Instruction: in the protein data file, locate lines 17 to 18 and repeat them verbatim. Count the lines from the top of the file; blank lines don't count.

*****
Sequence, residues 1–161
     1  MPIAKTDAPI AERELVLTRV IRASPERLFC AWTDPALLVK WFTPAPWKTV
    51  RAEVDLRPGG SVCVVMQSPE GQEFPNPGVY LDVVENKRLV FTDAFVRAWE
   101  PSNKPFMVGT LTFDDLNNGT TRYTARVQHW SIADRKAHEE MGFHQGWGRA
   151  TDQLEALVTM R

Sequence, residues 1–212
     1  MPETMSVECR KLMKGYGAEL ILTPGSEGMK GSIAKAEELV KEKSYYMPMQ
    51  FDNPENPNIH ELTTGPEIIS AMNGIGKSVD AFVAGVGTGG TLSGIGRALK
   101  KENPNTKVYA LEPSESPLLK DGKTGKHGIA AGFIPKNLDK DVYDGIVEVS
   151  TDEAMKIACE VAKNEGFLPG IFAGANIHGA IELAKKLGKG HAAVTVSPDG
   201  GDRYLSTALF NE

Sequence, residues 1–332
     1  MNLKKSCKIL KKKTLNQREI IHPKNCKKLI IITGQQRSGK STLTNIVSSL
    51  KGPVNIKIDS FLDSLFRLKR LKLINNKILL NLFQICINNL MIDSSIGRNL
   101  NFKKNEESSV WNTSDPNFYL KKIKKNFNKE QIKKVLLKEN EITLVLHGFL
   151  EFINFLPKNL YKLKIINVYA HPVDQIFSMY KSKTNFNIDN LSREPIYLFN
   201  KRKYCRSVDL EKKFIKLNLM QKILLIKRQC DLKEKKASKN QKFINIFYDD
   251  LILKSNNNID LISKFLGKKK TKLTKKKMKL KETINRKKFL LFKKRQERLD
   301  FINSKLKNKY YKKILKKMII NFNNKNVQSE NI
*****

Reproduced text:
   201  KRKYCRSVDL EKKFIKLNLM QKILLIKRQC DLKEKKASKN QKFINIFYDD
   251  LILKSNNNID LISKFLGKKK TKLTKKKMKL KETINRKKFL LFKKRQERLD